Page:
Solar energy production in the home is here to stay. In 2022, solar energy accounts for 4.94% of US electrical output. Around 3.2% of US single-family detached homes have installed solar panels. This shows the growing acceptance of technology. However, solar alone is not the optimal solution for a home. For instance, in many jurisdictions, a solar system connected to the main panel must be shut down when there is a power outage. This is one way in which battery storage can help.
In this article, we will consider home solar, battery storage, and some simple battery sizing information to better power a home.
Whole Home Solar: How it works
Solar panels are multiple photovoltaic (PV) panels. These panels are made up of many solar cells, typically within a string of 60-72 cells. A solar installation can provide enough power to supply a home’s energy needs.
Multiple solar panels, usually around 15-25, are wired into a solar array. The array can be installed anywhere around the house as long as there is no obstruction to sunlight.
When sunlight hits the panels, the solar cells convert the sun's photons into electricity.
However, the PV system only generates direct current (DC), while home appliances are generally designed to use Alternating Current (AC).
Therefore, an inverter is used to convert the DC to AC to power home appliances. The inverter feeds AC power to your home's main panel at the appropriate voltage to serve the electrical loads in your house.
The inverter can be a large central box for all solar panels. It can also be a small micro-inverter attached to each solar panel to perform the AC-DC conversion.
Note that, where utility regulations allow, when you generate more solar energy than your total home electrical loads, you can sell the excess energy to the electric utility via your utility meter. If this is not allowed, that energy is lost without battery storage.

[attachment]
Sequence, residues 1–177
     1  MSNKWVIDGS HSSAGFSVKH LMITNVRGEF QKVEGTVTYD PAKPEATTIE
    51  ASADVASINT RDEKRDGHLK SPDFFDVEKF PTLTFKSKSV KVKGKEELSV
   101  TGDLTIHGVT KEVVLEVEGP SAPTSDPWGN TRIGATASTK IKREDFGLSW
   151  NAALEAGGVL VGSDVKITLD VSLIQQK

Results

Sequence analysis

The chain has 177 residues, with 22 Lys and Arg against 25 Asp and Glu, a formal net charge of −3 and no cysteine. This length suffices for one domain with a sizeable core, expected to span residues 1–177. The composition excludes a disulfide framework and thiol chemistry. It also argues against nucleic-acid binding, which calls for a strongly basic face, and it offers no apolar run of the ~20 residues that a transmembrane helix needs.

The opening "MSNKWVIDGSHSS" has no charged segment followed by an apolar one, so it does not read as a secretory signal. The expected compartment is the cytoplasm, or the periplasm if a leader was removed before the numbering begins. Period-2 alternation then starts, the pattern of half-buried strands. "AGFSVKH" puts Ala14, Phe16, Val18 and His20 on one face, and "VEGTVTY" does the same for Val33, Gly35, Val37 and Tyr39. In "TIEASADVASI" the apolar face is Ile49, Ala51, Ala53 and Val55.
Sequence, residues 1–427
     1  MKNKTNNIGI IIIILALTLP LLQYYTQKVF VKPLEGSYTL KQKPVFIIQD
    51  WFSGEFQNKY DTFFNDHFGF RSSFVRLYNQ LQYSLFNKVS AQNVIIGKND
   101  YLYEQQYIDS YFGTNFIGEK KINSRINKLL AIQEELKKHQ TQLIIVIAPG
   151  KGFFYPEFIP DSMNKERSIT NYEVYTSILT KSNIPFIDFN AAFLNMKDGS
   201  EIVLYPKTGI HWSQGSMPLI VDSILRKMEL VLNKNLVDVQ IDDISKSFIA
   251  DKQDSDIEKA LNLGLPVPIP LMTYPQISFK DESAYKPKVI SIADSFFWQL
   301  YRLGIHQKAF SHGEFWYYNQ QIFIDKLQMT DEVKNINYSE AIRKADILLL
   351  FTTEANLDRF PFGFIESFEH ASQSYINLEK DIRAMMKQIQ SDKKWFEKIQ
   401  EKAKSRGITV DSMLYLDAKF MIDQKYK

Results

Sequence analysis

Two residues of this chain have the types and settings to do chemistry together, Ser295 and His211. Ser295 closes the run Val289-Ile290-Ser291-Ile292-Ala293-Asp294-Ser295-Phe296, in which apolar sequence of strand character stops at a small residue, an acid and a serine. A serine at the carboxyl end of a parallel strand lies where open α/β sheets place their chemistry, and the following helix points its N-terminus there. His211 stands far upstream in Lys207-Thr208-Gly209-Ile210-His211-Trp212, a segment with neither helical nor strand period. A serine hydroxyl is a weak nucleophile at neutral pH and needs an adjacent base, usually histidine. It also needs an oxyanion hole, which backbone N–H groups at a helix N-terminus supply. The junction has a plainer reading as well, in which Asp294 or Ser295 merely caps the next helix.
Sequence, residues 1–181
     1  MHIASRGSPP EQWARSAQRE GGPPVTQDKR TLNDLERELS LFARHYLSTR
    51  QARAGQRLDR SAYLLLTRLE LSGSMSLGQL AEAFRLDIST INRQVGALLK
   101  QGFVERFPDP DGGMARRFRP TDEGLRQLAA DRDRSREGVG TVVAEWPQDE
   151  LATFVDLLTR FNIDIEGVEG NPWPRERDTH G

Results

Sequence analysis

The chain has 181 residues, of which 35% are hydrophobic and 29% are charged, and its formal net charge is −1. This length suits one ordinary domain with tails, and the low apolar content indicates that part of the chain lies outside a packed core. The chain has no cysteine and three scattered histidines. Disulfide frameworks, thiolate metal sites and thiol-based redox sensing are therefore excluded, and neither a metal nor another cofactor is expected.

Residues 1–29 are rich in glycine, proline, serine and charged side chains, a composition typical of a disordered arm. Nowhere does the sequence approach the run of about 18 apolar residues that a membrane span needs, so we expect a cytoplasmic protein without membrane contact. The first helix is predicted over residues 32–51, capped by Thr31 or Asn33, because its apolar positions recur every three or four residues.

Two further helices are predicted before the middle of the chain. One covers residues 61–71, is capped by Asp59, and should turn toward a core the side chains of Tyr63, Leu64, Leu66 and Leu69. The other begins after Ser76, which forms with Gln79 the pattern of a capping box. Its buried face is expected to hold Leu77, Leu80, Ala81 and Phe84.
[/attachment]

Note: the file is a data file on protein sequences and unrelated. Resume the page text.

The Solar with battery storage
Your solar panels can only function when the sun is shining.
However, using battery storage, you can leverage the excess energy generated by your solar panels. You can use the energy at any time, even when there is no sunlight, increasing the efficiency and return on investment (ROI) of your solar system.
There are four different types of batteries used with solar. These are:
- Lithium-ion batteries: These batteries are lightweight, smaller, and more efficient. They don't need to be fully charged before using them. These batteries have a round-trip energy efficiency of 95-98%. They have a low charging cycle, which could be as low as two hours. Also, they have a low self-discharge rate. However, if not properly installed, earlier types of lithium-ion batteries are highly flammable. Modern lithium-iron phosphate batteries are far safer. They are more expensive but reliable and require less maintenance than other battery types.
- Lead-Acid batteries: These are the oldest type of rechargeable battery. They are quite heavy and charge slowly. They can only hold minimal energy per kg of weight. They are quite cost-effective and a popular choice for solar batteries. However, lead-acid batteries have a short cycle life of 200-300 discharge charge cycles. They only last about half as long as lithium-ion batteries.
- The Nickel Cadmium batteries: Nickel-cadmium batteries are made of nickel oxide hydroxide and metallic cadmium. They are not commonly used for household solar. They can tolerate extreme temperatures of 120°F - 160°F. They can function at extreme temperatures; so, they are mostly used in the industrial and airline sectors. Nickel Cadmium batteries require minimal maintenance and have a long life cycle (2000-2500 cycles). Also, they have a high energy density of around 50-75 Wh/kg.
- Flow batteries: They rely on chemical reactions. The flowing of liquid-containing electrolytes between two chambers within the battery produces energy.
To store a large quantity of energy, the tanks containing the electrolyte liquid must be large. So, flow batteries are quite costly.
How many solar batteries do you need for your solar?
This depends on why you are using solar and how much energy you use. One consideration is continuous load versus surge load. When a home device is turned on, it can demand a much higher power supply than when operating, for only a small period of time. System planning includes identifying all of your home loads and both continuous and surge demands.
If you intend to use your solar system to power energy-consuming gadgets, you need a highly durable battery. For example, if you consume around 0.75-1KW energy per hour, you can use a 13 kWh battery for 13-16 hours. In this instance, a 10 kWh battery would last for only 10-12 hours during a grid outage. However, starting a high-demand device such as an air conditioner or pool pump could create too high a demand for a single battery.
If you intend to go off-grid, you will need an even higher storage capacity because that extra power source isn’t available when solar isn’t producing sufficient energy.
To maximize the use of your solar installation, you need to get quality home battery storage. With or without sunlight, the solar and battery keep your household up and running.